I feel like the most useful tools for a character artist are programs like 3ds Max or Maya, then sculpting programs like Zbrush, for unwrapping I personally prefer Headus UVLayout, for baking maps I like Topogun, and xNormal, and for texturing I prefer 3d Coat and Photoshop, and then my personal real-time renderer of choice at home is Marmoset 2.

My favorite texturing tool is 3d coat, I am a primarily a hand painted texture style artist so 3d coat is my best friend. It’s amazing because you can paint directly in the program and create your own brushes for painting, or you can bring in a projection of the model and paint on top of them in Photoshop as if it was an illustration and then project the details directly back on the model in 3d.

At some point I would love to try out Substance Painter, I hear really great things about it.

Creating Character Textures 


Creating textures for a character is probably the most important step, a good texture can make a model, a bad one can break one. When unwrapping a model I always make sure to utilize as much space as I can, the textures will be shrunk down in-game so I can’t waste space. When starting actual texturing I always bake out Skylight and an Ambient Occlusion maps in Topogun using my sculpt for baking the detail off of, and then I also do a quick AO bake just from the in-game model in 3d Coat.  That gives me a good base to start off with and then I just paint it until I am happy with it (personal art) or until it matches the game (work).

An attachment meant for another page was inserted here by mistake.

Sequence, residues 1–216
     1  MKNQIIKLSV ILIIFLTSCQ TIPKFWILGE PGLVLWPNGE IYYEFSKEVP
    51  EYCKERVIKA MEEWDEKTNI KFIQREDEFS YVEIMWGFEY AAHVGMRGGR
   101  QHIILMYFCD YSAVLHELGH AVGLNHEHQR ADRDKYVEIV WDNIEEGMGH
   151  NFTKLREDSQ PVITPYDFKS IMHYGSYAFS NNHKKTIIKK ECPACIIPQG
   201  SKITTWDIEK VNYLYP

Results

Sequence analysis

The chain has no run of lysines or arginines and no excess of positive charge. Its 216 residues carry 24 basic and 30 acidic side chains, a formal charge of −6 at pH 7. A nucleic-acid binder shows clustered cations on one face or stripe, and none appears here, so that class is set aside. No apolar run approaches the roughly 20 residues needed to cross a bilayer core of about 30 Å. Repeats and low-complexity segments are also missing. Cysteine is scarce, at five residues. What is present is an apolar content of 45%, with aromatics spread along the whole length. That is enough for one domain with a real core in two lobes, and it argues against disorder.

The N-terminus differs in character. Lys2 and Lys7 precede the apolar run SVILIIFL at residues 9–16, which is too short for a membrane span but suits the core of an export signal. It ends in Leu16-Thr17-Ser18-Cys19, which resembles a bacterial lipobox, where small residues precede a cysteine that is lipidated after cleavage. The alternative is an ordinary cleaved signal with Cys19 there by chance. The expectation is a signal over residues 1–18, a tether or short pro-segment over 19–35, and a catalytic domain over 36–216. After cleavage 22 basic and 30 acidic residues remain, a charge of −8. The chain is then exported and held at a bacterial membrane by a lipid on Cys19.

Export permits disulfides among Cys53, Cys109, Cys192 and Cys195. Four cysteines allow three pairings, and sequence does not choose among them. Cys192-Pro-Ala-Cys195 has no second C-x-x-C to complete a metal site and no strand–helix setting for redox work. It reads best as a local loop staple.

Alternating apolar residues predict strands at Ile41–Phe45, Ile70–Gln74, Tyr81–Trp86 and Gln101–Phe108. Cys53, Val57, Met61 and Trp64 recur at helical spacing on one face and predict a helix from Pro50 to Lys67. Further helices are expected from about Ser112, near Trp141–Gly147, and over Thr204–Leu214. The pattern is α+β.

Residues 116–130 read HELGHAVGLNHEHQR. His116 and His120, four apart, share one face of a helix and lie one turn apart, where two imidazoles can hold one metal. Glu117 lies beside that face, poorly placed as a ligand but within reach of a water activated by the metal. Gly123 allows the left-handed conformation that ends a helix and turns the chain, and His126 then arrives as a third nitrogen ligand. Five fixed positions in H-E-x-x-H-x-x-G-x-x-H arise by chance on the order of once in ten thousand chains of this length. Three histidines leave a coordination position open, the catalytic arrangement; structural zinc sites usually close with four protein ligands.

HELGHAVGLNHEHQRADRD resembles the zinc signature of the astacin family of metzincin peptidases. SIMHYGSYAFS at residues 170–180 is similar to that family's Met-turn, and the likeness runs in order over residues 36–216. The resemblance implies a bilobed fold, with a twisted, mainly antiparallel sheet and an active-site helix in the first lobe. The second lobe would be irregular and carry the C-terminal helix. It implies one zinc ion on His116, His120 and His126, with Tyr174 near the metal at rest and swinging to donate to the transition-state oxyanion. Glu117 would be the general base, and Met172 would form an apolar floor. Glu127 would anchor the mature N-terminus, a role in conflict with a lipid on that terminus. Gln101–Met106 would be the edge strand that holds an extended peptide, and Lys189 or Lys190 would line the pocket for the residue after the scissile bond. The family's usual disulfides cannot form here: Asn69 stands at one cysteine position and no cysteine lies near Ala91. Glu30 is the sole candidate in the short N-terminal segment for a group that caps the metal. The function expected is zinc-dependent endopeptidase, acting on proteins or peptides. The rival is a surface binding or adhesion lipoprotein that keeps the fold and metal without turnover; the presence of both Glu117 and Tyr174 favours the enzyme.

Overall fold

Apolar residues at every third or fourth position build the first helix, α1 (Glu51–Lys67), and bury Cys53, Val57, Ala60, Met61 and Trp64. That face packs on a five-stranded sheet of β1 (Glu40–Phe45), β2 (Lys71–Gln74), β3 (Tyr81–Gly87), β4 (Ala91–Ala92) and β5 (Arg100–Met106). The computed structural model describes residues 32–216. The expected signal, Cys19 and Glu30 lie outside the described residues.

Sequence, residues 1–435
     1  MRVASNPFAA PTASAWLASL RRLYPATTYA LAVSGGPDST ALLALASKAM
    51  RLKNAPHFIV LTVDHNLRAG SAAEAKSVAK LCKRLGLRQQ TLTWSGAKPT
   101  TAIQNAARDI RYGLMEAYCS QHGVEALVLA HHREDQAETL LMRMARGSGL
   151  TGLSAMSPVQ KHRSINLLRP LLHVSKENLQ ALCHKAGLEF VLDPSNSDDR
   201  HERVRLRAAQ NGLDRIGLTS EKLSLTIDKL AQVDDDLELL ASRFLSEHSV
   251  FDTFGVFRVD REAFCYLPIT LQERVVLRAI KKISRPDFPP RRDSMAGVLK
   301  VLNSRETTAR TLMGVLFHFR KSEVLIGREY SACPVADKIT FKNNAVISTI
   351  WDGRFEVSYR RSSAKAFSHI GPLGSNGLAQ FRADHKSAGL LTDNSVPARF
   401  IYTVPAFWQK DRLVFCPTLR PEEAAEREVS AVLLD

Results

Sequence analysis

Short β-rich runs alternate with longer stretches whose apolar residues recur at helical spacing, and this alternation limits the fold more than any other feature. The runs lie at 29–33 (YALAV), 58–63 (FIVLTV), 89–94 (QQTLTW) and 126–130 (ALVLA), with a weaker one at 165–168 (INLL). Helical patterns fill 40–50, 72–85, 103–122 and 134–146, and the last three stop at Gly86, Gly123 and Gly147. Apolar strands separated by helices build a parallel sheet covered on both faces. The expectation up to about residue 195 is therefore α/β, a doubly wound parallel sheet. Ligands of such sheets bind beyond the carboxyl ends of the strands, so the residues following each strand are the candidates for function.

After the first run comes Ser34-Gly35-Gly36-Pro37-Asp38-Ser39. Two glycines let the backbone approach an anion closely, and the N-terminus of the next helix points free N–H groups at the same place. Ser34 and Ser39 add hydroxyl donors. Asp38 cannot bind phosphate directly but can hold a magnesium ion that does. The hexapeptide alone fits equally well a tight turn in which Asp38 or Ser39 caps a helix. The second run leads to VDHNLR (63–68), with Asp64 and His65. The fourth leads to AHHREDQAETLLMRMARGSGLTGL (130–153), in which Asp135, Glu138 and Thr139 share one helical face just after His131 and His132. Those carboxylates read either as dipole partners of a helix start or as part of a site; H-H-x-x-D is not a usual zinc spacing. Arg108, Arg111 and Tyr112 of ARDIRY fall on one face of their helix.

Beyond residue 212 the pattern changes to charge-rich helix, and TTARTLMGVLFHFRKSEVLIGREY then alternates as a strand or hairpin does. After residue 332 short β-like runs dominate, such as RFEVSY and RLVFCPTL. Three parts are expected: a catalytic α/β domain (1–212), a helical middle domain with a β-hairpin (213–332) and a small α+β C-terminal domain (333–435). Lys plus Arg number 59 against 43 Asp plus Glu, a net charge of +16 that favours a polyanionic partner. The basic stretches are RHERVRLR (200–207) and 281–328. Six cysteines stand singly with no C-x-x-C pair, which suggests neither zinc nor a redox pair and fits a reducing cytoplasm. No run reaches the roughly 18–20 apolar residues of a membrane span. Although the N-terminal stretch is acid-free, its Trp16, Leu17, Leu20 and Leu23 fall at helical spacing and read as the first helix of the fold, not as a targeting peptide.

In-game Models VS. Sculpted Models 


So in-game models are low poly models, though many now are getting more mid-poly with all the new tech. A sculpt/high poly model is a super heavy model with millions of polies and it is used to bake the data off for the creation of maps to apply to an in-game model so it looks like it’s a the detailed high poly. To create an in-game character you use primary programs like 3ds Max to build geometry with proper edge loops so that animators can later control those loops for animation.

Challenges of a Character Artist


Some of the biggest challenges with character models are making sure they work as they were intended. There might be issues with the rig, the animations, harsh clipping of pieces into other pieces, fx, shaders, maybe there are issues with the engine and the model is just exploding or the texture map isn’t pushing through so there is a grey model walking around or wearing a texture from another model. Anything and everything can go wrong. Best way to get things fixed is being prepared to problem solve and work with teammates for a solution. Always try and stay a few steps ahead anticipating problems if there could be one. Communication between teammates is key.

Relation Between Game Environments and Game Characters


When creating characters for already established environments, we need to make sure the character fits into the style of the game and the style of the world.  We wouldn’t see Master Chief in a Zelda game, why? He’s from a scifi world and he doesn’t match the style of the game. So when developing characters for a game everything needs to be harmonized and there needs to be a set style. Realistic environment? Then realistic characters. Stylized environment? Stylized characters. Of course people can push and pull styles, but as long as everything works together and looks like it belongs.